Frequently Asked Questions About Water Well Checkups

 Water Well FAQ's

Water Well FAQ's

Most homeowners who draw water from a private well take for granted that when the faucet goes on, water will come. Well systems require minimal regular maintenance, but should be monitored to prevent a small problem from turning into a big one. That’s why we recommend homeowners with private wells bring in a professional to conduct an annual water well checkup.

Why do I need a water well checkup?

A properly constructed and maintained water well for home use will provide you with many years of quality water. However, it is not unheard of for problems to arise. The National Ground Water Association recommends routine annual maintenance checks to ensure the proper operation of the well and prolongs its years of service, as well as monitor the water quality.

Who should I call to conduct a water well checkup?

New Hampshire and Massachusetts state agencies overseeing water wells can recommend a certified contractor to perform the checkup and even collect samples for water quality testing. The New Hampshire Department of Environmental Services has its water well checkup page that includes checklists and other resources, including where to find qualified contractors. Or frankly, just call us at 1 (800) 441-6281.

What will the well contractor look for?

An inspection of well equipment to assure that it is sanitary and meets local code requirements. A flow test is done to determine system output, along with a check of the water level before and during pumping. The contractor will also examine the external components of the well, check the well cover for erosion and any sources of contamination, examine well pits, look at the wiring and other components for rust and deterioration, and look for sources of possible contamination on the property, including possible hazardous materials.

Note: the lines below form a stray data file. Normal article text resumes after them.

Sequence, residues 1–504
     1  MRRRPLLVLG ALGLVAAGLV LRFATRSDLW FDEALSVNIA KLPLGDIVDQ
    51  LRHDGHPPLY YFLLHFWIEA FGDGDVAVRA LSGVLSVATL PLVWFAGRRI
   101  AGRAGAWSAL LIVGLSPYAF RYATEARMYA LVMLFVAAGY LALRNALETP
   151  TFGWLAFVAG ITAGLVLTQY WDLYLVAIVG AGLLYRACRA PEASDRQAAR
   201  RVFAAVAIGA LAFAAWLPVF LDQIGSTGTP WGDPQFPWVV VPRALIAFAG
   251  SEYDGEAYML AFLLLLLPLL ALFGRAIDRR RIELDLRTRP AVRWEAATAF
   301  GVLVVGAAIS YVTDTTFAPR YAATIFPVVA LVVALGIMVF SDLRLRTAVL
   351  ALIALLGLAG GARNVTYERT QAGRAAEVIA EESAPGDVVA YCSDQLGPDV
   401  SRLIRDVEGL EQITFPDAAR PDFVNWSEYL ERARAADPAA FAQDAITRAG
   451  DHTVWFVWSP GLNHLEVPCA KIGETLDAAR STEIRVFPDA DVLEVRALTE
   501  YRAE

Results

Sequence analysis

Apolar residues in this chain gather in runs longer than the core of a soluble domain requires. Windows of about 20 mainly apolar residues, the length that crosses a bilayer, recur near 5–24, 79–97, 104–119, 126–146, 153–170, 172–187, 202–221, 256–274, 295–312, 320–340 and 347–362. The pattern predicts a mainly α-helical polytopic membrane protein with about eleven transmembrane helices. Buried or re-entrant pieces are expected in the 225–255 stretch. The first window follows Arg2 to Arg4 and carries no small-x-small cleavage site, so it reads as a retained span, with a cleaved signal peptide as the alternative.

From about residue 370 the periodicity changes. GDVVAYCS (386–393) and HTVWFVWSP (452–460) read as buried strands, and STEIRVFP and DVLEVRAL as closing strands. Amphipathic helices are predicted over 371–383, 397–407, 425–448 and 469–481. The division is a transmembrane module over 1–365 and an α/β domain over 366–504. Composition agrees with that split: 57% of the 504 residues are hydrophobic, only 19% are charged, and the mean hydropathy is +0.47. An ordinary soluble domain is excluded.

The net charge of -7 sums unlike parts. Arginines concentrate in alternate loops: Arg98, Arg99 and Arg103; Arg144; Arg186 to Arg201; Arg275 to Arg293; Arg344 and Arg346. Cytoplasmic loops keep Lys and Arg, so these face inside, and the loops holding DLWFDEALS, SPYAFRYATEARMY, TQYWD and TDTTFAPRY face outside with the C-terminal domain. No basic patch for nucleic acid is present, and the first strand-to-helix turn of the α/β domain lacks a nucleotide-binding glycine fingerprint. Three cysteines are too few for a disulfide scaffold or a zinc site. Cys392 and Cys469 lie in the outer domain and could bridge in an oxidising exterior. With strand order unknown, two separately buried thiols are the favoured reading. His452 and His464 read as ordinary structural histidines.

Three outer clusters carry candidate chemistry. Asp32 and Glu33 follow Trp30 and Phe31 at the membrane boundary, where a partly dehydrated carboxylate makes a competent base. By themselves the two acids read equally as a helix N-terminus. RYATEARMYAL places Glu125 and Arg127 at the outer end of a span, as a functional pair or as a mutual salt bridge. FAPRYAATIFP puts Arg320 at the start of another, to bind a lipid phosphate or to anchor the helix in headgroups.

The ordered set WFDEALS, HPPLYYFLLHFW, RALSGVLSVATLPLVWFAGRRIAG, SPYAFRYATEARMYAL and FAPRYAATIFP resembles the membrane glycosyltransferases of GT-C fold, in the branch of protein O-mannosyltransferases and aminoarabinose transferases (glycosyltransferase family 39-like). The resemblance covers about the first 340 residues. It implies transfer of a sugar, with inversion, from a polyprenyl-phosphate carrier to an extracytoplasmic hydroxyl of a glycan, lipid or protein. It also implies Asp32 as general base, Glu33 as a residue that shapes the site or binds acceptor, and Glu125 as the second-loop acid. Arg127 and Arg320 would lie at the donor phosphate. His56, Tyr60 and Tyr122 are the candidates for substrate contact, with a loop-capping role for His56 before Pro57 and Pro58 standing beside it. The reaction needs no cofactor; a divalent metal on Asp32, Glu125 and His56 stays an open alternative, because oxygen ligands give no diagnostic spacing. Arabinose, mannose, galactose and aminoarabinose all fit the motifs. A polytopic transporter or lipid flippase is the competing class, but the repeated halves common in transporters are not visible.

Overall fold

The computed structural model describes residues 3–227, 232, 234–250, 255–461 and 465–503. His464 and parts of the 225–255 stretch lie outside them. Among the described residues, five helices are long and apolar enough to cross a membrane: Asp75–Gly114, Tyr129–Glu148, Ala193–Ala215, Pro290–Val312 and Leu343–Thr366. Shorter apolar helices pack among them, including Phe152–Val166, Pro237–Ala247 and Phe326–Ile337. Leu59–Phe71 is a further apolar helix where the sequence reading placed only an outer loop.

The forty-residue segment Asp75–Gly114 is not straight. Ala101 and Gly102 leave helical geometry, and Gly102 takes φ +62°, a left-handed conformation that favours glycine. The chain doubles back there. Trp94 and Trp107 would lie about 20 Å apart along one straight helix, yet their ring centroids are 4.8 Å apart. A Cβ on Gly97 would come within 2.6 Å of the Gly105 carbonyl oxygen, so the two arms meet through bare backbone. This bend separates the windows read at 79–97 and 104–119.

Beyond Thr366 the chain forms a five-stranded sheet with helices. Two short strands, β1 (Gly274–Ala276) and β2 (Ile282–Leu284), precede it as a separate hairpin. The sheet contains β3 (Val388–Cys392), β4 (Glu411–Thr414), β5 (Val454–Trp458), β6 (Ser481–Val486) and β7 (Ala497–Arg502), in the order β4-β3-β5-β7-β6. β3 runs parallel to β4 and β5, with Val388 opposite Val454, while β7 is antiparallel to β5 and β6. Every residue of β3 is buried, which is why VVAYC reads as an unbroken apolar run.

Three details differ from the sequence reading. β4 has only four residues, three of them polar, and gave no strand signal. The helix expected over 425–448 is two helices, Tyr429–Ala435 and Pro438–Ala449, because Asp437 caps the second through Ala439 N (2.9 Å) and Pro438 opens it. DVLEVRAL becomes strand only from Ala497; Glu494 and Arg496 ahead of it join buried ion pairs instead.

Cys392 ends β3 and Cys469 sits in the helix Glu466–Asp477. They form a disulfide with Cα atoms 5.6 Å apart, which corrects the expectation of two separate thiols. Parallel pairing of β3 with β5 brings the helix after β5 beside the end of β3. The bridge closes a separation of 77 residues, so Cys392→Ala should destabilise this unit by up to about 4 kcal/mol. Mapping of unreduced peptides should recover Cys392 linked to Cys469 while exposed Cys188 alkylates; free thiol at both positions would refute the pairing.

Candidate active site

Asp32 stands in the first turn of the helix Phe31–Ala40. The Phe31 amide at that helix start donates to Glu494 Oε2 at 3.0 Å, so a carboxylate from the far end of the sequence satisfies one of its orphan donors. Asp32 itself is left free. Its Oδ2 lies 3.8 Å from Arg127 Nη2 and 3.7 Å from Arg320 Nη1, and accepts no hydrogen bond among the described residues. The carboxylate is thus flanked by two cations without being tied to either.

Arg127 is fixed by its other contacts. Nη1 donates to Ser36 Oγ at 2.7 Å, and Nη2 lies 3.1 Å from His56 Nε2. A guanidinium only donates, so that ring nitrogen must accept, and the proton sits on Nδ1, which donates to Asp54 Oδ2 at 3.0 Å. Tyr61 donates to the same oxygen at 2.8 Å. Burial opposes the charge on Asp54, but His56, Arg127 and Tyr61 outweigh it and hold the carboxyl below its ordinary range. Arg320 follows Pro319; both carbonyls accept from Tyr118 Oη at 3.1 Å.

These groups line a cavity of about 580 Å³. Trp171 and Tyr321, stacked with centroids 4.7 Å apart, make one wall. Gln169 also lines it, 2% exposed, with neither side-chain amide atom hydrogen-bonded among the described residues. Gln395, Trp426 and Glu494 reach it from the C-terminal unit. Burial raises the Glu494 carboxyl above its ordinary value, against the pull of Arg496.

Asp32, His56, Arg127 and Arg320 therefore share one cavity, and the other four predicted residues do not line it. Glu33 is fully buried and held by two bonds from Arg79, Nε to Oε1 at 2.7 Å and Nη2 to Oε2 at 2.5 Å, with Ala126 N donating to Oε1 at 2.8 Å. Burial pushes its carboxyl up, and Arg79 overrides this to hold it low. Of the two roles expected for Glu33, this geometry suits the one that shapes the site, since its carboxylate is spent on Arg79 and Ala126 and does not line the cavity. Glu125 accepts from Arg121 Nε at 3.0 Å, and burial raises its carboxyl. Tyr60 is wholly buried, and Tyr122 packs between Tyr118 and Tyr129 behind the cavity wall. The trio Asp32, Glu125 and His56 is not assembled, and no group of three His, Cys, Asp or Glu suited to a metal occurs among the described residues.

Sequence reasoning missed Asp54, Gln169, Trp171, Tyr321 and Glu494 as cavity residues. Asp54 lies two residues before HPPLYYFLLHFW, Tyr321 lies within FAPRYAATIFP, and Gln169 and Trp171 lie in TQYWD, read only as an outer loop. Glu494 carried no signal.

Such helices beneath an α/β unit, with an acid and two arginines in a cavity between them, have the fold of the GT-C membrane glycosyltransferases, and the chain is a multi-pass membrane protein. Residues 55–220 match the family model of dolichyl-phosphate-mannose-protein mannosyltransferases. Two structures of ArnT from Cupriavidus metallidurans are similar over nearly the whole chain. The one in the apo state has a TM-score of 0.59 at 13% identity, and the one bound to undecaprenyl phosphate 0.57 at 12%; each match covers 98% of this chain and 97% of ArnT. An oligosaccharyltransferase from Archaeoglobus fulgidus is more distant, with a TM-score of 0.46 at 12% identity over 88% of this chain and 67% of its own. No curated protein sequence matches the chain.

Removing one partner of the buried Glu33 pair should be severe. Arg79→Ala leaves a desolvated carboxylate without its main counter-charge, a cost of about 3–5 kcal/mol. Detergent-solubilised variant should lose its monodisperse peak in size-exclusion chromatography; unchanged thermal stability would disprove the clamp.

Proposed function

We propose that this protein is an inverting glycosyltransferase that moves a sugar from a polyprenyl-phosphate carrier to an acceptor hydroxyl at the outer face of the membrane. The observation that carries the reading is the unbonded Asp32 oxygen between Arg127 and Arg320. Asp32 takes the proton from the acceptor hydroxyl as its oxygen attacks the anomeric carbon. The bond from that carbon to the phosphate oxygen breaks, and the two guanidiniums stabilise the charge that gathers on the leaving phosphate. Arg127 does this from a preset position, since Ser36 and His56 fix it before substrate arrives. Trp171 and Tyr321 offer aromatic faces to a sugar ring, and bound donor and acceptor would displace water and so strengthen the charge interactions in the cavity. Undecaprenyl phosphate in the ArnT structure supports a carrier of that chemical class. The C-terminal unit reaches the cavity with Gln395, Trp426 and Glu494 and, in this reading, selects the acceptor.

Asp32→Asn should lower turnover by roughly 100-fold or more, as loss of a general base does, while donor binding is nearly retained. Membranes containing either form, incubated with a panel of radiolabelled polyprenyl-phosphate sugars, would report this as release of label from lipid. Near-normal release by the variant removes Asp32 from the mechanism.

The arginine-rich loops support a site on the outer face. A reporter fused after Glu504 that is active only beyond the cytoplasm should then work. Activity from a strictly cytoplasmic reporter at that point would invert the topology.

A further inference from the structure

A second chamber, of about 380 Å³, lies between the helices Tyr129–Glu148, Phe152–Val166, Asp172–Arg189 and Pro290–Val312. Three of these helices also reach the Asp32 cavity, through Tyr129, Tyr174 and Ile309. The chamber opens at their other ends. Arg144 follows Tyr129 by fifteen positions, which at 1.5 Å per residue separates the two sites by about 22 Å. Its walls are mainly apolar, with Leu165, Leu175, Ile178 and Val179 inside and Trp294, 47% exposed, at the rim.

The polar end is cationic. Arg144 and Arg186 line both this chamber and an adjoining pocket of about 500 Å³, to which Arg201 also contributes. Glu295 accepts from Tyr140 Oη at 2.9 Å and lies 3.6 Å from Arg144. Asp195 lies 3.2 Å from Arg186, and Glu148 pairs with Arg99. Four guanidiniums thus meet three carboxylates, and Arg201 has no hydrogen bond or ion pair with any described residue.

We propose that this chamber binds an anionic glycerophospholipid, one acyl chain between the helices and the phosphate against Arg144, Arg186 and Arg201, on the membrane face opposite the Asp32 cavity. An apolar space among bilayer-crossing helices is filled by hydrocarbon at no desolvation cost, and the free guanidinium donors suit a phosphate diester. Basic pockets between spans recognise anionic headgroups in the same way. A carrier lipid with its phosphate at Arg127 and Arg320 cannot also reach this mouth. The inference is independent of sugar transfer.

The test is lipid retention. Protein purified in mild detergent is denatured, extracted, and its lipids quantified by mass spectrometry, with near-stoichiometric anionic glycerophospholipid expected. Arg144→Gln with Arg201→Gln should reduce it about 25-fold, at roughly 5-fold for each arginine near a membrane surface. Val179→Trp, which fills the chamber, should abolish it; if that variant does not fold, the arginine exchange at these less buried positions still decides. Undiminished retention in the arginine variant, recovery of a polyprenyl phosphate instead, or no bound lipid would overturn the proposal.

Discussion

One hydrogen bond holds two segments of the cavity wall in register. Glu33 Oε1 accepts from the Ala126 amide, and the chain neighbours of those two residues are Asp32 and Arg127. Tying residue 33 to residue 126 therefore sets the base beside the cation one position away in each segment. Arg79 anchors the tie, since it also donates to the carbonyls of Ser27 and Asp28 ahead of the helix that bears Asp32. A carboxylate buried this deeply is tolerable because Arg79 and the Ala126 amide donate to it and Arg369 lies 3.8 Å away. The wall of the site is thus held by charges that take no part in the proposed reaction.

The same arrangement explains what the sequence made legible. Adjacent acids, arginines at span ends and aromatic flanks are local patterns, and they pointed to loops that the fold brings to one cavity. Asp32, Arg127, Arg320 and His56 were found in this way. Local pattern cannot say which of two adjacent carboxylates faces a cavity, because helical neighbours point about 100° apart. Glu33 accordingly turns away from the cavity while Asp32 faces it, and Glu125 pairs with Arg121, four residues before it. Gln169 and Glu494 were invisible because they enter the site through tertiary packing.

Will it include a water quality test?

Both New Hampshire and Massachusetts authorities recommend an annual water quality test of your water for coliform bacteria and nitrates and anything else of local concern. If you have not had a test before, consider including tests for iron, manganese, water hardness, sulfides, and other water constituents that cause problems with plumbing, staining, water appearance, and odor. If you’ve noticed a change in your water quality in the past year, mention that to the contractor and what possible test may also be warranted. Additional tests may be recommended if water appears cloudy or oily, if bacterial growth is visible on fixtures or water treatment devices are not working as they should. Check with the professionals here at Skillings & Sons, the state department of natural resources, or local health department for information on local water quality issues that may have been reported.

Once the checkup is complete, then what?

The contractor should send you a concise written report following the checkup that explains results and recommendations and includes all laboratory and other test results. Keep your well records in a safe place. These include the construction report, and annual water well system maintenance and water testing results.

How often does my water well need a checkup?

As noted, well checkups should be done every year, typically in the spring after the snow has melted. The timing of the test could be affected by some problems, such as flooding near your well. Consult with your contractor or well company to schedule a good time for the test. Also, call your contractor immediately is you’ve noticed any change in water quality, know of any nearby well water contamination, or noticed heavy construction underway near your home.